Review | Dread Nation

Dread Nation by Justina Ireland

“The waves of dead are like dandelions.  Just when you think you’ve beaten the weed, it pops up somewhere new.  The Lost States of the South are called that for a reason.”


History gets a serious re-write in this YA historical fiction novel!

The Civil War’s bloodiest battle becomes even more horrific when the dead begin to walk at Gettysburg.  Suddenly the war between the states isn’t the main focus of the country.  Slavery becomes illegal as soon as the Confederate states surrender so that President Lincoln can send General Sherman on his March to the Sea, burning the South and putting down the dead, known as shamblers.

The federal government soon funds the Negro and Native Reeducation Act mandating that “at 12 years old all Negroes, and any Indians living in a protectorate, must enroll in a combat school ‘for the betterment of themselves and society’.”  Combat schools pop up across the country, teaching former slaves how to fight the dead.  Young black women train to become Attendants, basically a bodyguard to a wealthy white woman against the dead.

What we learn throughout the book about the shamblers is that once someone is bitten they will begin to shake and their eyes will turn yellow.  The rate at which someone turns has changed over time and now it is almost instantaneous.  Shamblers travel in packs.  The newly turned are quick on their feet and can outrun most people and animals while the older dead are decayed and walk slowly.

Dread Nation is divided in to two parts.  In part one, we meet the main character Jane McKeene in Baltimore at Miss Preston’s School of Combat.  The black daughter of a wealthy white woman bides her time in school training until she can return home to her family at Rose Hill.  Her letters to her mom have gone unanswered for several months and Jane is beginning to fear the worst. (Each chapter in part one begins with an excerpt from a letter Jane writes to her mom.)

The Spencers, a family living close to the school has taken in a girl named Lily who is “fair and passing”, meaning she is light skinned and can pass for white.  When they all disappear from their home, Lily’s brother Jackson enlists the help of Jane to find out what happened to them.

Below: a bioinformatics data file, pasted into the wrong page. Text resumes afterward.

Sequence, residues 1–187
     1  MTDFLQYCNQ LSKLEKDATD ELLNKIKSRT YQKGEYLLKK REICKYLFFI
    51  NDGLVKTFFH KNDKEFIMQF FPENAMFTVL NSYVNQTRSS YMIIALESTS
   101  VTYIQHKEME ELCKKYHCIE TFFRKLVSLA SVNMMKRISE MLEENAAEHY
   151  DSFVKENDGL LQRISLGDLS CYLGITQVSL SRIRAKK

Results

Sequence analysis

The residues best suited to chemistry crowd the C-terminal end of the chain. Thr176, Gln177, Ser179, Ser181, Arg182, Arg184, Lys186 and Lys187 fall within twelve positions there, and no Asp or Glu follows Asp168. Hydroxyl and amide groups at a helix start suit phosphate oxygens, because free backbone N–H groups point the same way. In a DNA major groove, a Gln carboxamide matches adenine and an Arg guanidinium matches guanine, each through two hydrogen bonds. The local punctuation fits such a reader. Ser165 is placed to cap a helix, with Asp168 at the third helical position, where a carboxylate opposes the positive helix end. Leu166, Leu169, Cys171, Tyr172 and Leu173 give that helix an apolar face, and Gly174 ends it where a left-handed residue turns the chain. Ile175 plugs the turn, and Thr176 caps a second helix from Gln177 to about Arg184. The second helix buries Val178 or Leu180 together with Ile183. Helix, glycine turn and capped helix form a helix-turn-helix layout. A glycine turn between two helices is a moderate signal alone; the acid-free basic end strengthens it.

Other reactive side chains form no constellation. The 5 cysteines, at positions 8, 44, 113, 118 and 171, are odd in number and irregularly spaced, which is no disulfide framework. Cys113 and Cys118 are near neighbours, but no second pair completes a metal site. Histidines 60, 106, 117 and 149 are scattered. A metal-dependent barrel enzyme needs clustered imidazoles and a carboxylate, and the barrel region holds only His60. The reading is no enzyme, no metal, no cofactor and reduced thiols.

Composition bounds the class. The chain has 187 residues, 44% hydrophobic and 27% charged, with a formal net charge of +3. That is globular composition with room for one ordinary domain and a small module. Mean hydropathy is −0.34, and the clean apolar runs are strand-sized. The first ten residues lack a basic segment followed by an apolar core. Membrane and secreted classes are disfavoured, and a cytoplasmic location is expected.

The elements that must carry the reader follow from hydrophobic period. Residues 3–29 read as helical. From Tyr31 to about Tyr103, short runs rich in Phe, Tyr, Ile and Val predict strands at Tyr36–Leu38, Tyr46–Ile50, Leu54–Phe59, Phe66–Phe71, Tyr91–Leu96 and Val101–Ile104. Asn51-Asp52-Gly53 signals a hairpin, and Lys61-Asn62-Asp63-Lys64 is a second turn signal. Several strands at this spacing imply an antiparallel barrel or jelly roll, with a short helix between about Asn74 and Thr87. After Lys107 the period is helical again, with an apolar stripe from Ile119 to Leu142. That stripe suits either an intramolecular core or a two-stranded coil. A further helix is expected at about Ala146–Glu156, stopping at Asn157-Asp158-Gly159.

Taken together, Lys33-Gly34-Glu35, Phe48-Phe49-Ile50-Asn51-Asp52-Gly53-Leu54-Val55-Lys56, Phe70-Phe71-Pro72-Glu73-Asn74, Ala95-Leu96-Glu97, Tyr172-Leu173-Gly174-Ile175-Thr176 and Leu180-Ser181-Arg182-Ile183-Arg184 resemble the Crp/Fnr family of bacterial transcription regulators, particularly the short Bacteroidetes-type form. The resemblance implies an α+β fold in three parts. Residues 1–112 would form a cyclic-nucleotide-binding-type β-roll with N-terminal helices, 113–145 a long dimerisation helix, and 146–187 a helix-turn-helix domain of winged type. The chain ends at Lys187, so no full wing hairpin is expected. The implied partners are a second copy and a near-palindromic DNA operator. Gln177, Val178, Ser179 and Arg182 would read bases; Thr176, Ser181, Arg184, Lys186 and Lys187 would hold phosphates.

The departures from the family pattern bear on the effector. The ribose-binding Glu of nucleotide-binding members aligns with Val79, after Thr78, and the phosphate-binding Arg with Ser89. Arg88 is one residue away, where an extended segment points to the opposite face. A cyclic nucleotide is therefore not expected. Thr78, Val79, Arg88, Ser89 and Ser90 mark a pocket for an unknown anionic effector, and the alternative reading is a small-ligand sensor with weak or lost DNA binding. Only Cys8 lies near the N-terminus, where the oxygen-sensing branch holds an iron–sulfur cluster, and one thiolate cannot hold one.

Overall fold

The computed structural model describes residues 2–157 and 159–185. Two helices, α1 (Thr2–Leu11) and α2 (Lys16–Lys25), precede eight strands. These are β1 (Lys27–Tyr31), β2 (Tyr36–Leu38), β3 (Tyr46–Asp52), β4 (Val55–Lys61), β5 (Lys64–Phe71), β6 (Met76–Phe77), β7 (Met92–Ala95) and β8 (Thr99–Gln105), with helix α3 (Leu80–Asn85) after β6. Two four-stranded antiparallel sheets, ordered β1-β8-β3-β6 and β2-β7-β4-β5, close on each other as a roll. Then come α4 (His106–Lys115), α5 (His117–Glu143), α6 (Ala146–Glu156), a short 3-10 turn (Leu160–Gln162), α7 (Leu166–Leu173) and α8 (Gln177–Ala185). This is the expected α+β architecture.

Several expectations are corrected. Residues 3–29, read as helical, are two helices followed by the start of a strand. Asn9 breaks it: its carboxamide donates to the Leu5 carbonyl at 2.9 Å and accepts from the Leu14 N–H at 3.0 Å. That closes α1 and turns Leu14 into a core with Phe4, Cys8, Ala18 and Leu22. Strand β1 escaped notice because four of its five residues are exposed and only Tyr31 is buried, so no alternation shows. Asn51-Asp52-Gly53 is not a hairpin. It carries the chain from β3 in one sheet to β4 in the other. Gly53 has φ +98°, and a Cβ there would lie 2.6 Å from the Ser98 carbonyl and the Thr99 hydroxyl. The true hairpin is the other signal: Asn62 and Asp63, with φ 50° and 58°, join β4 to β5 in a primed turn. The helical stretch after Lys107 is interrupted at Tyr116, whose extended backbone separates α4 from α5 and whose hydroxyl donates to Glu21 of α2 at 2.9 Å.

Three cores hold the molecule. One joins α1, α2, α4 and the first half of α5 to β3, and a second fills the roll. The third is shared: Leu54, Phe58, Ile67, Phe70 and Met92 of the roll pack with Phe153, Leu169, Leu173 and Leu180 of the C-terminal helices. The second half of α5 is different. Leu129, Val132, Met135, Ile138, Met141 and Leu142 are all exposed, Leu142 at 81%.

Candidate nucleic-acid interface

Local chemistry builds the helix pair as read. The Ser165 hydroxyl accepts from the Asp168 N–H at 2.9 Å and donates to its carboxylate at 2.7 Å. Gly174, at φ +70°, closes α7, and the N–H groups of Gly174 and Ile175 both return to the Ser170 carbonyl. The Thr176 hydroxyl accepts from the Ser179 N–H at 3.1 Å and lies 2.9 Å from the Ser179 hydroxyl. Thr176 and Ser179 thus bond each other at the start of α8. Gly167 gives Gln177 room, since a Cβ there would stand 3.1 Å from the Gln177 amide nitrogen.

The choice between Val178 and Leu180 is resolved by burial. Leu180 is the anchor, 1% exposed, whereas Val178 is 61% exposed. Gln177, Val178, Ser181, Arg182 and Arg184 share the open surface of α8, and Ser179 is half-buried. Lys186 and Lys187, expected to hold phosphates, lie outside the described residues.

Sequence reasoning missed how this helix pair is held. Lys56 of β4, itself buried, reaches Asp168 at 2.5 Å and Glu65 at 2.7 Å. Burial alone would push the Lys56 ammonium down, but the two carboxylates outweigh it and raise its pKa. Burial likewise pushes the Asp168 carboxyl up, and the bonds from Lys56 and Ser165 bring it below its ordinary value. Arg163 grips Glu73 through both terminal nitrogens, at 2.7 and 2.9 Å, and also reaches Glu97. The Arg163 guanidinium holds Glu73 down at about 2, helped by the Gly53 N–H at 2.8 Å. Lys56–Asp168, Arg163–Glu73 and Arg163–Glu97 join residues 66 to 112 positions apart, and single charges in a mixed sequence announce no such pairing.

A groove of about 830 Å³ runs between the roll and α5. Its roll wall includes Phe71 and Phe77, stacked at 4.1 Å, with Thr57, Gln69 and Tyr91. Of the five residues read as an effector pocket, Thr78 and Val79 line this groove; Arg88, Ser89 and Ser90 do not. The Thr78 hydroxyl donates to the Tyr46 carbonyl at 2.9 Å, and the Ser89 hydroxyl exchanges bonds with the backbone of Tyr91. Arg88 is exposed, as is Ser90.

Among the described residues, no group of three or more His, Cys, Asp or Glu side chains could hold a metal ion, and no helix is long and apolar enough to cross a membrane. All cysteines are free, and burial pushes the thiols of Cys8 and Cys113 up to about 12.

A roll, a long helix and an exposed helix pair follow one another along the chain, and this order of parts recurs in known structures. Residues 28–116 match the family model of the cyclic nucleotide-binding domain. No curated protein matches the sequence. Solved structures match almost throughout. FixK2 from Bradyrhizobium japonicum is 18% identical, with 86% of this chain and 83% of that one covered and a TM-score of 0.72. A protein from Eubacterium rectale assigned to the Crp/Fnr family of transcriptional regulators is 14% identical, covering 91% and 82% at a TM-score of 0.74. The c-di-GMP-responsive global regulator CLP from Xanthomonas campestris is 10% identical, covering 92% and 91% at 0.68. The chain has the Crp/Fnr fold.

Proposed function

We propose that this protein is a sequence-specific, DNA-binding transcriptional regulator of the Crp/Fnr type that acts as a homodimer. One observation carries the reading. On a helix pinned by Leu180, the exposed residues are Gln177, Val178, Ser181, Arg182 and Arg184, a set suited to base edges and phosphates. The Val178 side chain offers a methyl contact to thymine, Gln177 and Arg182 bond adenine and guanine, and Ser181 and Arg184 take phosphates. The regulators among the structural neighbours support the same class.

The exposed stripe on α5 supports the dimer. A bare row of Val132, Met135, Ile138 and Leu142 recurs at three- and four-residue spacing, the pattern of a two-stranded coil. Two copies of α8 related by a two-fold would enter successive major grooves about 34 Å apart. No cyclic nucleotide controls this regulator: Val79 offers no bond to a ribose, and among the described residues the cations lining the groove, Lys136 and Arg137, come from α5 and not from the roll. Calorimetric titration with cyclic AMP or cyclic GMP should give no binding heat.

Katherine, a fellow student at Miss Preston’s, ends up tagging along with Jane and Jackson and they soon find out that the Spencers may not have left town willingly.  In their search for clues, they uncover alarming information about the safety of Baltimore and its defenses against shamblers.

Their investigation is put to a halt when the mayor finds out they know more than they should and sends them to a new community in Kansas known as Summerland that’s attempting to “rebuild the country in the image of is former glory” (read:  continue slavery and all its brutality, while also dealing with swarming packs of shamblers).  On the train to Kansas, Jane is given a stack of letters that her mother has written to her that had been intercepted and part two of the book begins.  (Each chapter in part two begins with an excerpt from a letter to Jane from her mother, detailing what is happening at Rose Hill.)

Jane is a strong female protagonist with a tongue as sharp as her weapons.  I enjoyed her sass, wit, and overall badassery (yes, that’s definitely a word).  In a town where people use religion and scripture to justify slavery, Jane must hold her tongue and figure out a plan for her and her friends to escape while trying to contain the pack of shamblers threatening to overrun the town.

Dread Nation is an engaging and highly entertaining YA novel.  I enjoyed the history the author created and while zombies aren’t an original concept, this is a unique spin on the genre.  I’m definitely looking forward to finding out what happens to Jane, Katherine, and Jackson in the next book.

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